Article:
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Improving horse health the MEMS way

Posted: 17 Nov 2015 ?? ?Print Version ?Bookmark and Share

Keywords:Horse Sense Shoes? MEMS? Freescale? sensor?

In the same way that Dairymaster penetrated the Internet of Things (IoT) space two years ago with its MooMonitor to track herds, monitoring each cow's activity, letting them in and out of automatic doors and detecting when they are ovulating, Horse Sense's Pegasus is doing the same thing, and more, but this time for horses.

Pegasus are MEMS-based devices attached on a horse's tail that sense everything the cow's collar (MooMonitor) does plus the horse's temperature, which is especially important for high value horses. There are about 250 million cows worldwide, but only 59 million horses. However, the average worth of the equine population is much higher than the bovine population. Horses bred for racing can be worth millions of dollars.

Ian Chen

Ian Chen, sensor solutions division marketing at Freescale, describes how its MEMS chips enable the Pegasus from Horse Sense Shoes can monitor a horse's posture, exercise patterns, behaviours and temperature 24/7/365 and send automatic alerts to veterinarians before problems develop. (Source: Horse Sense, used with permission)

The tough thing about keeping horses healthy is that their temperature needs to be measured multiple times per week, and the only reliable way to do it is with a rectal thermometer. You would think that they would get used to this, but they don't. Every time it takes two people, plus restraining their back legs to prevent them from kicking the guy inserting the horse rectal thermometer.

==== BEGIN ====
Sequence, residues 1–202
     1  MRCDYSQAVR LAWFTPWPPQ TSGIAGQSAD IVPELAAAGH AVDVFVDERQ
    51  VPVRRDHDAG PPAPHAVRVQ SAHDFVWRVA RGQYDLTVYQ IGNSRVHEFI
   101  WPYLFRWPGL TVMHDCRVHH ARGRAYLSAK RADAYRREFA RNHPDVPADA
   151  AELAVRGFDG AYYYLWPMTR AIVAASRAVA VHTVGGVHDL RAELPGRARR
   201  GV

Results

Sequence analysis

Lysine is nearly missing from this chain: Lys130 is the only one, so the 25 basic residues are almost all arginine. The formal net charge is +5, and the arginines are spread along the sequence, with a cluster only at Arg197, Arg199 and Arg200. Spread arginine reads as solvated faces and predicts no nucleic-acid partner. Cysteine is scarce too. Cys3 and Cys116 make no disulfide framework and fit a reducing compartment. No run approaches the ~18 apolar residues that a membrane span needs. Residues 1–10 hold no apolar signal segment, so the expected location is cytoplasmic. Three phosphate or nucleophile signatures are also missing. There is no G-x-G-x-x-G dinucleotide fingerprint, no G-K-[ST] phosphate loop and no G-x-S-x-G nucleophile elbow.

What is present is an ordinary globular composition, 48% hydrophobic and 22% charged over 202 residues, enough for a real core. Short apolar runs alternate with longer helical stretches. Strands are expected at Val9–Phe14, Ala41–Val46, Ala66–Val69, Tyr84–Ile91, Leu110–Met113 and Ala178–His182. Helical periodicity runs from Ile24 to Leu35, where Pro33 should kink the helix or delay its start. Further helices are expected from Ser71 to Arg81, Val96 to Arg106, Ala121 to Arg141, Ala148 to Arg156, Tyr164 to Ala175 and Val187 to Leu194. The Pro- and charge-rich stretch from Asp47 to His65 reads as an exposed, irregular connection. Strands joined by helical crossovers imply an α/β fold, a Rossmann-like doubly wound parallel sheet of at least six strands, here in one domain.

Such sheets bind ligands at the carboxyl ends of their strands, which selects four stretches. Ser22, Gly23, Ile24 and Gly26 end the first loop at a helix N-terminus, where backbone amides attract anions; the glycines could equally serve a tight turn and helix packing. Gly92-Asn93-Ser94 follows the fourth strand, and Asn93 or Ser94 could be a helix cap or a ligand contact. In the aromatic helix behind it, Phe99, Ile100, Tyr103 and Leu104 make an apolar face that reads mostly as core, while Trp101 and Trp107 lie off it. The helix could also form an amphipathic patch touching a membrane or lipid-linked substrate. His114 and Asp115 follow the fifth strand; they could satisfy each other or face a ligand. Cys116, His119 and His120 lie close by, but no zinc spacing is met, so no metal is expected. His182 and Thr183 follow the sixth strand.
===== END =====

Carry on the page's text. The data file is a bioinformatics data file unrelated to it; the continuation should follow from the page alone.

Pegasus MEMS module

The Pegasus MEMS module tracts expensive racehorses 24/7/365 for temperature, posture, exercise, transport keeping real-time catalogues, producing daily, weekly and monthly logs with automatic texting of alerts to owners and veterinarian. (Source: Horse Sense, used with permission)

With the Pegasus MEMS system, however, a temperature measurement is made every time the horse passes flatulence, which anybody who has been around horses knows is many times a day. Plus the horse's activity, sleeping habits, posture and more can be determined but the Freescale inertial sensors also housed by Pegasus.

Talking horses

The official name of Horse Sense is Horse Sense Shoes LLC (a division of HSS Global Group Inc.) because their original idea was to put the sensor in the horses shoes, which turned out not to be the right place, so now they have abbreviated it to Horse Sense (although adding the Shoes is still the official designation, and who knows maybe someday they will fulfill the prophesy and manufacture smart shoes).

The sensors used inside the Pegasus are Freescale's who like to joke that "now your horse can speak" like Mr. Ed. But seriously, more than 80 per cent of the racing horse accidents are caused by joint issues that were undiscovered until race time, leading to needless tragedies, according to Horse Sense.

Pegasus equine monitor

The Pegasus equine monitor is attached to the horse's tail by threading it through a slot on the back and pushing up to the top of the tail. (Source: Horse Sense, used with permission)


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